Psychologists group our fears into specific categories, distinguishing between social phobias, or those fears that involve our interactions with other people, and specific fears, which might include the fear of heights, spiders, or public transportation.
The big question then is why our search patterns on fear show significantly more social fears than what were found based on a survey. Estimates are that 15 million Americans, nearly 6.8 percent of our populace over the age of eighteen, suffer from some form of social anxiety disorder. Yet if these numbers are calculated on the basis of a survey, it's entirely possible that we're undercalculating those afflicted with social fears. According to the National Institute of Mental Health, social phobia is defined as an anxiety disorder characterized by overwhelming anxiety and excessive self-consciousness in everyday social situations. Social phobia can be limited to only one type of situation—such as a fear of speaking in formal or informal situations, or eating or drinking in front of others—or, in its most severe form, may be so broad that a person experiences symptoms almost anytime they are around other people.
If these social phobias are characterized by excessive self-consciousness, how would a person suffering from this fear respond to another individual conducting a survey about their fears? Wouldn't this be the perfect example of the cognitive dissonance issue that we discussed in the first chapter? But take the surveyor out of the equation and replace him or her with a nonjudgmental tool that can access massive volumes of data, and this search data may hold the key to a more realistic gauge of our social fears.
I often bring search lists with me on trips and spend time poring over them to pass time during long flights. One of the most entertaining and enlightening lists to review was this list of "fear of" searches. Within the top one hundred searches, twenty are some form of social fear, but as you dive deeper into the list of one-thousand-plus fear searches, the strongest recurring theme that presents itself is the battle between two types of social anxieties: the fear of commitment and the fear of being alone. Perhaps these searches don't rise to the level of clinical anxieties, but if search patterns are any indication, these two opposing concerns are on the minds of many of us. Since we're not asking people directly what they are afraid of, there are some alternative explanations to the dueling fears of being alone and not being alone. One possibility is that searches like "fear of intimacy" and "fear of commitment" are actually the keystrokes of someone other than the fearful, such as the significant other in a troubled relationship.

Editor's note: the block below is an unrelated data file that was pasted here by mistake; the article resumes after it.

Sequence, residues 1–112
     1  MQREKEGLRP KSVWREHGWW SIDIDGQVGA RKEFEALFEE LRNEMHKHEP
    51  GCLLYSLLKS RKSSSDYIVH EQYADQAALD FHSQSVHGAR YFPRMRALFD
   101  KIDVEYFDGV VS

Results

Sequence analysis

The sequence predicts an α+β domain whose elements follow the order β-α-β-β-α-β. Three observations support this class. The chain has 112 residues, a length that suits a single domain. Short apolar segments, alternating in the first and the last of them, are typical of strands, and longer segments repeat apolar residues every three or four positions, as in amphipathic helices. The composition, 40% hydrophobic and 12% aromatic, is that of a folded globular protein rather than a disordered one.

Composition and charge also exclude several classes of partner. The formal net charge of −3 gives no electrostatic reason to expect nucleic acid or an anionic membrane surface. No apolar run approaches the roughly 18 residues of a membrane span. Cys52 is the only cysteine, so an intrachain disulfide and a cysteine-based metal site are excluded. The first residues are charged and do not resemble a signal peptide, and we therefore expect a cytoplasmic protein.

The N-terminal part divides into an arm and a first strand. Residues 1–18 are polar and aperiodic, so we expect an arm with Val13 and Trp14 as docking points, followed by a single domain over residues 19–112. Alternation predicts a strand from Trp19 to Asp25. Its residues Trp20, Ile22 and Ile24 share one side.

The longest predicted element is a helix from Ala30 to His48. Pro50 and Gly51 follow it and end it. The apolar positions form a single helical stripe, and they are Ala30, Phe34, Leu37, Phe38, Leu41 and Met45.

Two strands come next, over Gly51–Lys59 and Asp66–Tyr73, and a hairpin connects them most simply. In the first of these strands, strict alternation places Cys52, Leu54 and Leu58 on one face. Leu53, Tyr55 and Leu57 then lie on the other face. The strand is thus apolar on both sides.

Here are the top fifteen social "fear of" searches:
1. Intimacy 2. Rejection 3. People 4. Success 5. Crowds 6. Failure 7. Sex 8. Commitment 9. Public speaking 10. Being alone 11. Love 12. Girls 13. Falling in love 14. Abandonment 15. Broken heart
There may be something more significant going on here. It's clear that social fears exist with more frequency in online searches than they appear in survey results. The difference in fear rankings may demonstrate that the survey responses are not truly reflecting what we're afraid of, but could our social fears also be exacerbated by the online experience itself? The mere fact that we choose to query a search engine versus talking to a friend, relative, or health professional about our fears suggests that we find more comfort and privacy conversing with an algorithm on these matters than we would seeking help from one another. The problem becomes even greater as we delve into the very strange world of specific fears.
Specific phobias are entirely different, and truly demonstrate their unique nature. It's estimated that more than 18 million Americans over the age of eighteen suffer from specific fears, more than 8.7 percent of the U.S. population. There are several categories of specific fears, from animal phobias (spiders, mice, bunny rabbits, which shows up toward the end of the list), to situational phobias (flying, tunnels, bridges), to environmental phobias (storms, heights), to "other." "Other" is actually the most interesting group. As I wade through the sixteen hundred different "fear of" queries, I'm struck by just how individual our fears are. While the social anxiety around being with someone and the anxiety around being alone make up the head of the query stream, the long list of specific phobias makes up the long tail or unique set of phobia searches. Getting past more common fears, like the fear of flying, snakes, and clowns, reveals some truly bizarre specific fears. Departing from the ontology developed by mental health professionals, I've developed my own grouping for these oddities of anxiety, ordered by popularity.